Weight for distance, also known as the weight throw event. There are actually two separate events, one using a light (28 lb. for men and 14 lb. for women) and the other a heavy (56 lb for men, 42 lb. for masters men, and 28 lb for women) weight. The weights are made of metal and have a handle attached by means of a chain. The implement is thrown with one hand using any technique. Usually a spinning technique is employed. The longest throw wins.

LAHGCF Record-        Heavy WFD                                       Light WFD

Men Amateur              Dawayne Lietzan ('03)  34'6"            Matthew Vincent ('08)  68'.75"

Men Masters               Roger Bynum ('17)        36'1.5"         Roger Bynum ('15)       54'0"

Women Amateur        Andi Hannigan ('15)     28'6"             Andi Hannigan ('15)    42'4"

Women Masters         Amanda Micka ('17)     35'.5"            Amanda Micka ('17)    47'8"

Hammer Throw (for distance)

The Scottish hammer, a round metal hammerhead weighing 16# or 22# with a cane shaft, is thrown for distance. The athlete throws the hammer with his back to the trig and the throwing area.  The competitor's feet may not move until after he releases the hammer.  Each athlete gets three throws with the hammer and is judged by his best distance.  Touching the top of the trig or the ground in front of it renders the throw foul.

LAHGCF Record-        Heavy WFD                                       Light WFD

Men Amateur              Matthew Vincent ('08)  93'1.5"         Mike Beech ('15)          97'9.5"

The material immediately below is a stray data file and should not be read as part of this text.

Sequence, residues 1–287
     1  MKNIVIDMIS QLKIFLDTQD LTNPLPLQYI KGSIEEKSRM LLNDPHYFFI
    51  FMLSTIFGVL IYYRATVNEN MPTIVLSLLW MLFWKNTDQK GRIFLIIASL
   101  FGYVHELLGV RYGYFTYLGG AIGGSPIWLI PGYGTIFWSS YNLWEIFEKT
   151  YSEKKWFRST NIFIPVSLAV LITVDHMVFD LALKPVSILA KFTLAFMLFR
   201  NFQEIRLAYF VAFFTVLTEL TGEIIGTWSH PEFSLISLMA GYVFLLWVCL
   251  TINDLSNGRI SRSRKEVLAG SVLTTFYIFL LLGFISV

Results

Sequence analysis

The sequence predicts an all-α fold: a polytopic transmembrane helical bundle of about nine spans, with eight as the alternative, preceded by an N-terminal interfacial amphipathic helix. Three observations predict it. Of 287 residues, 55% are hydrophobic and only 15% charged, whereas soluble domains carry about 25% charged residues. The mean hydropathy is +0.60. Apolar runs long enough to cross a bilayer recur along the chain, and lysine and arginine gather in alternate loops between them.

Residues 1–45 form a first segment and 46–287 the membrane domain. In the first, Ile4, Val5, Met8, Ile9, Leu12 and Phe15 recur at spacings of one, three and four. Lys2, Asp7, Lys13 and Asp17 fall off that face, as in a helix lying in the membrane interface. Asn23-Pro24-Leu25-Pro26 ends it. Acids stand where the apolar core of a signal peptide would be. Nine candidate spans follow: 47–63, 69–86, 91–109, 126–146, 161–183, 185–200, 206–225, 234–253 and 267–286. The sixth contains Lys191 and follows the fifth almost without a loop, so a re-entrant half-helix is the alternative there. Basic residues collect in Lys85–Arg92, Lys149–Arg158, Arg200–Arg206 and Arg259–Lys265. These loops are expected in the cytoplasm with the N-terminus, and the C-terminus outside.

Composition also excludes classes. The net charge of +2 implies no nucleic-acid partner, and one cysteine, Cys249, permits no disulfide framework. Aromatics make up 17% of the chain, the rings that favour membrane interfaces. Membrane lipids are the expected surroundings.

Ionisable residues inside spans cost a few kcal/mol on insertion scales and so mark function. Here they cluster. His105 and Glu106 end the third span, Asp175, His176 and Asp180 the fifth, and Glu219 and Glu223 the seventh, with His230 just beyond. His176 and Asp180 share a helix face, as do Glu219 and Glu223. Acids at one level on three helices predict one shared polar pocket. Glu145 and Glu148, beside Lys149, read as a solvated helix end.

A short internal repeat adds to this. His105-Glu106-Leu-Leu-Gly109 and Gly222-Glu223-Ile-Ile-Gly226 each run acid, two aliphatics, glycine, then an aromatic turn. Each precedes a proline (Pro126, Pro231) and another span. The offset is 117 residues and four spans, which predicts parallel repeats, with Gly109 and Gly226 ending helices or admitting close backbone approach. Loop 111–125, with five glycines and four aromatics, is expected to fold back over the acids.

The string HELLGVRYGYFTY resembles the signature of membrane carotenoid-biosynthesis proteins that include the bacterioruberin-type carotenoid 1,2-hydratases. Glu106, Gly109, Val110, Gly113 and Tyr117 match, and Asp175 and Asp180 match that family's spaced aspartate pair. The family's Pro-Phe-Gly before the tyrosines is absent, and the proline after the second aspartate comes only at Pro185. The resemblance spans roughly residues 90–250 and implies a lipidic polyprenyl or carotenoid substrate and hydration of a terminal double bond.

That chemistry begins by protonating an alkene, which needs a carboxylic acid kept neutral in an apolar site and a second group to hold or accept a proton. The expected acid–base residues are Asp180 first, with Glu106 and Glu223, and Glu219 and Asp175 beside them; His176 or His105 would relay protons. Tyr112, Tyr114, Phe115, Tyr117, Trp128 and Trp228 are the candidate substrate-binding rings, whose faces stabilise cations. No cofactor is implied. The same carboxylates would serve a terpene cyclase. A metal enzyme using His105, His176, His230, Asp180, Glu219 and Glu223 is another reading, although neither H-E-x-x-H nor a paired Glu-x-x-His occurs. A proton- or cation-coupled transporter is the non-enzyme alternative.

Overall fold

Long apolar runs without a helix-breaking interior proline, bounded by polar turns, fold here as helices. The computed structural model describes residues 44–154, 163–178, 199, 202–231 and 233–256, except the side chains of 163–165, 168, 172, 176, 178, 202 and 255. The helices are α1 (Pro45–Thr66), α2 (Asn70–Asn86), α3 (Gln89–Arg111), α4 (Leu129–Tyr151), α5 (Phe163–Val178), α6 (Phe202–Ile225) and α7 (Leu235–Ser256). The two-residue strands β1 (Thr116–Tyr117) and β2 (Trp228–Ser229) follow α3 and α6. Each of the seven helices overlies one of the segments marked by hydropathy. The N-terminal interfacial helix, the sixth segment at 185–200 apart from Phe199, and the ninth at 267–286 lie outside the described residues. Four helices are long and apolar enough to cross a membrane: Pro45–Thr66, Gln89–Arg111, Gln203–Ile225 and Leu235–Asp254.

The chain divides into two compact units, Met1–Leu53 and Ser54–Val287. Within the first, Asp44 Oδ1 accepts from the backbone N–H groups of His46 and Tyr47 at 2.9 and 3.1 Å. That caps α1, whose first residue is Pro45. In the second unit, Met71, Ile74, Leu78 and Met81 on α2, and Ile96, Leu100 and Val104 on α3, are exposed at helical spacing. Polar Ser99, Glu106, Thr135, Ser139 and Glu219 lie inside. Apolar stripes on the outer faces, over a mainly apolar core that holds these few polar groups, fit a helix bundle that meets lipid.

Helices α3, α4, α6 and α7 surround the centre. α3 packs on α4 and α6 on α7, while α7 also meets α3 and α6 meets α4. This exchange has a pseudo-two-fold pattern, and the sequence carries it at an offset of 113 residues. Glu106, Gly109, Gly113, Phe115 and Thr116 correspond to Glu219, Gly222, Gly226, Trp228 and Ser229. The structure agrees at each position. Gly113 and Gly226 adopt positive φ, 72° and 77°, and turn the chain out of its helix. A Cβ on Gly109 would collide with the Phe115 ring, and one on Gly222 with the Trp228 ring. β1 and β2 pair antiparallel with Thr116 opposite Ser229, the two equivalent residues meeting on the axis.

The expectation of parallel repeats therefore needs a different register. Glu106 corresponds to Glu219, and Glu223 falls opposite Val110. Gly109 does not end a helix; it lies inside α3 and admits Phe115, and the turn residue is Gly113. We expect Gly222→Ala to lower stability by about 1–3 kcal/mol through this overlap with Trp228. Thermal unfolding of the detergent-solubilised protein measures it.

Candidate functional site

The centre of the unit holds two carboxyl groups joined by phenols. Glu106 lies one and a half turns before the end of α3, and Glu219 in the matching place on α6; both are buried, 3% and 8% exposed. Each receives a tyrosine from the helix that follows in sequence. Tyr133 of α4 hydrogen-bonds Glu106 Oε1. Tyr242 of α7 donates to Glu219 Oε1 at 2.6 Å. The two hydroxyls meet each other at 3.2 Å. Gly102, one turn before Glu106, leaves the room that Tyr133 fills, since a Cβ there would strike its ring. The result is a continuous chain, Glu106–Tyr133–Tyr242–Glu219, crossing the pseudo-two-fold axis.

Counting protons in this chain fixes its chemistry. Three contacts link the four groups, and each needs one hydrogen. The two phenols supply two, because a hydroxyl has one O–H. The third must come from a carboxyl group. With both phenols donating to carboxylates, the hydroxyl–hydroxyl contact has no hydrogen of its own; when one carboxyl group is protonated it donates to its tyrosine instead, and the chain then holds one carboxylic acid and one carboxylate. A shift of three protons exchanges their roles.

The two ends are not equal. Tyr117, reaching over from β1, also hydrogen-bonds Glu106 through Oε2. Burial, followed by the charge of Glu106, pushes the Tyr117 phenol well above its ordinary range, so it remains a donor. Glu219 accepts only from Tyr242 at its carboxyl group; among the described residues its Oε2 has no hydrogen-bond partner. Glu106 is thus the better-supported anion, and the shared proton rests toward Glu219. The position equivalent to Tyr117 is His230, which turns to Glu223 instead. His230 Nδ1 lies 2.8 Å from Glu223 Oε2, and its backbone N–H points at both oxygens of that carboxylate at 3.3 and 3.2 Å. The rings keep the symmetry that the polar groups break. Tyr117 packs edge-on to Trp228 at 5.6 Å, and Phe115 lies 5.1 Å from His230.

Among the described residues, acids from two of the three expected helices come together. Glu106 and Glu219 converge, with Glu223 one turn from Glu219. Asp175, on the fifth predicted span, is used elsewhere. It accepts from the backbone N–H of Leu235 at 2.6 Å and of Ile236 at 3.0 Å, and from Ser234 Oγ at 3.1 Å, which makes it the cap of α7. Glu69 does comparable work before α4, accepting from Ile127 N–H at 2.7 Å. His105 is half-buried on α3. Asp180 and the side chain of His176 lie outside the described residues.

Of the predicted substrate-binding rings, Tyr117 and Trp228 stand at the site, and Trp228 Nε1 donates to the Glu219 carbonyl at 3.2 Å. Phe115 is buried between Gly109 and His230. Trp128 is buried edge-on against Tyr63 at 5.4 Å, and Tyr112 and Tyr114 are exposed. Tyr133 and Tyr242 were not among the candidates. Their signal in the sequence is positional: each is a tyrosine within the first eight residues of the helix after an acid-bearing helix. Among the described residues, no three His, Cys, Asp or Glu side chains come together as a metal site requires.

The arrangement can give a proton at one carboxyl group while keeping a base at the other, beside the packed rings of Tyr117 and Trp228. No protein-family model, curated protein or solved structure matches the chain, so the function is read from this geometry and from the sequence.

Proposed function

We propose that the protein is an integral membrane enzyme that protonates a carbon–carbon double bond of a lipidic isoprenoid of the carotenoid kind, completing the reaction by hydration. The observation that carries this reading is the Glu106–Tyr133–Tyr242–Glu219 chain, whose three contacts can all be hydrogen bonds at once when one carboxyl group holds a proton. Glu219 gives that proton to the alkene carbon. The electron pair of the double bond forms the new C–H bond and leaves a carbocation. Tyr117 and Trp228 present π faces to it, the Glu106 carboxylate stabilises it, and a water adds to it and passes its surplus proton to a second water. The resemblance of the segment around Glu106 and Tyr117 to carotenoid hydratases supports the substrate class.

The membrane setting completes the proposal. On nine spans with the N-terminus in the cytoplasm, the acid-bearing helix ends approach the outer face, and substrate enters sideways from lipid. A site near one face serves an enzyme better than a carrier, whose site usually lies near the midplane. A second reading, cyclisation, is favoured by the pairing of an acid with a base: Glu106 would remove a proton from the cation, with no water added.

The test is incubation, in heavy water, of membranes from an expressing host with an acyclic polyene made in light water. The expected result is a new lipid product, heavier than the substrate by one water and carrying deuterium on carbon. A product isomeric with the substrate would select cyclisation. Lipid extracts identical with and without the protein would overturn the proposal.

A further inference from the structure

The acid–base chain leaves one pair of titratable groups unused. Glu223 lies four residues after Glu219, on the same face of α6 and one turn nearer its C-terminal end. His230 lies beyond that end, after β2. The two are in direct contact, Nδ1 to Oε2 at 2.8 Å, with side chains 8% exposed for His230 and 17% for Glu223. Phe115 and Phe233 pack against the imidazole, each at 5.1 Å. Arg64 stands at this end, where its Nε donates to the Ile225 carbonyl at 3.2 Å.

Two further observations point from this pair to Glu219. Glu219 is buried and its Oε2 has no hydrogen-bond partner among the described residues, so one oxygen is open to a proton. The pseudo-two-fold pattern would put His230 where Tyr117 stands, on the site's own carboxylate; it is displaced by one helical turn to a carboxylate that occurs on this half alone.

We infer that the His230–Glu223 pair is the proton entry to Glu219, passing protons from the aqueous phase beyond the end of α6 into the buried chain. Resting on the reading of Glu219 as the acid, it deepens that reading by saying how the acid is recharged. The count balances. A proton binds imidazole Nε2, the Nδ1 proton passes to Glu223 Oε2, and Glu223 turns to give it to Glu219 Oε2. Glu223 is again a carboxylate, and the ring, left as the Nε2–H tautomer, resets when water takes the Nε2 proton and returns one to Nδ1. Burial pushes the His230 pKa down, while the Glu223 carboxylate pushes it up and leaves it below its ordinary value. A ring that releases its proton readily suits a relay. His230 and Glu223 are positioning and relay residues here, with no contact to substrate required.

Men Masters               Roger Baar ('17)            75'5"            Roger Baar ('15)           91'7"

Women Amateur        Andi Hannigan ('15)     44'5""           Andi Hannigan ('15)    56'10"

Women Masters         

Caber Toss

The centerpiece of the modern Highland Games, the caber requires strength, balance and timing.  The caber is a tapered log approximately 19 feet long and weighing 100# to 130# (These weights and measures vary at different games depending on the field of athletes and the terrain).  The athlete hoists the caber and folds his hands under the end while cradling it against his shoulder.  Gaining the balance of the upright caber, he will run briefly with it to gain momentum for the toss.  Followed by field judges, the competitor heaves the caber up and over to ground its heavy end and let it fall forward.  The field judge will ascribe a "score" to the toss.  If the caber is "turned" it will be scored with its final position relative to the face of a giant clock, 12:00 being a perfect score.  If the caber is grounded but doesn't turn, it is scored by the degree it rose from the ground.